The quality of the work is at least something I’m fairly proud of.  I’m wondering if I need to sacrifice some of that quality for the sake of speed.  My primary gig says no.  We want it to be as good as it can be.  My secondary gig says maybe.  I feel horrible for not being faster with this work.  I am going to decide by the end of this week if I want to spend $200 for a month of time at a co-working space.  I do so much better when I have a place to go, and if I don’t have to worry about spending (additional) money, it will be a stress-lessener.  I can bring a lunch, my water flask, and a snack, and not worry about taking up a table at the cafe without putting enough in its registers.  It might be worth a trial run.

In my downtime, which I have already admitted is generally tainted with the awareness of my stealing it from time I should be getting caught up with the work, I’ve squeezed in a few movies, including (finally) Mean Girls, which I know has been a must-see for a person of my tastes.  It was about as good as I expected (review soon), and in many ways not as good as it could have been.  One of my biggest takeaways was how easy it has been to forget what a talented, magnetic screen presence Lindsay Lohan was before she became more known for her antics.  I’m going to include that in my review.  I probably won’t include my also being impressed by how Amanda Seyfried manages to be the most beautiful thing in a movie loaded with beautiful women.

I mentioned some time ago that I’ve had to rebuild my iTunes library (the songs are still in the folders, but they don’t show up in my library until I re-add them).  I took a break from it and then went back where I left off (somewhere in the Es), and then went back to the very beginning, to hit every album from every artist to make sure the years, genres, song titles, and album artwork were exactly right.  One of the worst things about the internet has been how easy it is for bad info to become canonical.  With digital music, it seems that whoever gets to the database first gets to decide things like captial letters, genres, and other stuff in the ID3 tags, and most of it’s just wrong.  I can have this kind of sloppiness in lots of areas of my life, but I can’t have it in my music.

So it’s been a long, slow process, especially since I’m determined not only to get the metainfo correct, but also to make sure everything’s been listened to once since its re-addition to the library.  I’ll take a few detours as my craving dictates (as with the Pink Floyd list I made this week), so I’m not a slave to the process.  As of this morning, I’m on Blink-182.  Got through my Blind Guardian collection yesterday; taking a detour right now with Devin Townsend’s <i>Epicloud</i> stuff (including the bonus <i>Epiclouder</i> material), and then it’ll be the Royal Hunt album I crowdfunded a year ago but for some reason never claimed the download of until yesterday.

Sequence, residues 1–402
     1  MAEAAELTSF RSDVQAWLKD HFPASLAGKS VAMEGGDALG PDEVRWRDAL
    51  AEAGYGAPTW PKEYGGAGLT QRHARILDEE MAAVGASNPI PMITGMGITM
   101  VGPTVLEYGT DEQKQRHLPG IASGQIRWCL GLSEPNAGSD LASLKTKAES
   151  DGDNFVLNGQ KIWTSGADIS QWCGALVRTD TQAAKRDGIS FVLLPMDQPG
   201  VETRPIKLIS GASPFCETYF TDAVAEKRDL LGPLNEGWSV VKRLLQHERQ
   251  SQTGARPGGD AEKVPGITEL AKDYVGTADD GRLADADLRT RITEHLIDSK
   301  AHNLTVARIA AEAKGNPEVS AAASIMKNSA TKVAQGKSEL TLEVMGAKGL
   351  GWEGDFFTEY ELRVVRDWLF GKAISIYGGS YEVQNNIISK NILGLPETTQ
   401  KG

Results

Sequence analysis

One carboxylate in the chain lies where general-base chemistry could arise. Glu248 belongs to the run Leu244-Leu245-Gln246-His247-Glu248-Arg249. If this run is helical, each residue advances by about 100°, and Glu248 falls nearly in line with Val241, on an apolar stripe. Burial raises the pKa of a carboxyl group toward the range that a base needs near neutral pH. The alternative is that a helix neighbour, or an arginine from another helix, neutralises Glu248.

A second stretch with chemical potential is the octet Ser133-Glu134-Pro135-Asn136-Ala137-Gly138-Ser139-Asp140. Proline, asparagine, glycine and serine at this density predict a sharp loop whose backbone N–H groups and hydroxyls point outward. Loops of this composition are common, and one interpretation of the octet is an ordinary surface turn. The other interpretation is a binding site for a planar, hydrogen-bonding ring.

Enough procrastinating.  Back to the grind.

The Ten Best Pink Floyd Songs

The Ten Best Pink Floyd Songs

Jun 24

Ten Best Pink Floyd Songs
I like this list because unlike similar bands with large discographies, Pink Floyd can say that their best work is the stuff that gets played on the radio. I like a lot of their deeper cuts, but I have to admit that their very best work is familiar even to casual listeners of FM radio.

1. “Comfortably Numb” — from The Wall (1979)
Some of my favorite slow guitar soloing (especially in the fadeout), and probably Pink Floyd’s best lyrics, which certainly plays a part in my liking this song.

2. “Another Brick in the Wall (Part 2)” — From The Wall (1979)
Anyone who knows only one Pink Floyd song knows this one. I used to dislike the slow disco beat, but now I love it. When I got my first cell phone ten years ago (or however long ago it was), the first ringtone I got, back when you had to purchase ringtones, was a tinny, electronic sound of the riff from this song. This is my favorite Pink Floyd guitar solo, too.

3. “Wish You Were Here” — From Wish You Were Here (1975)
Almost surely Pink Floyd’s most-covered song. Several years ago, Rodrigo y Gabriela started playing this in their concerts. Since they don’t sing, audience participation can be tricky for them to pull off, but the opening notes of this song always get their audiences excited and the audiences just sing the song while Rodrigo y Gabriela play the instruments. I’ve seen the same thing happen at late-night campfires on the beach.

4. “Welcome to the Machine” — From Wish You Were Here (1975)
“It’s all right; we know where you’ve been!” I have no idea what this song is about, but that adds to my fondness for it. I love the eeriness of this song.

5. “Brain Damage” / “Eclipse” — From The Dark Side of the Moon (1973)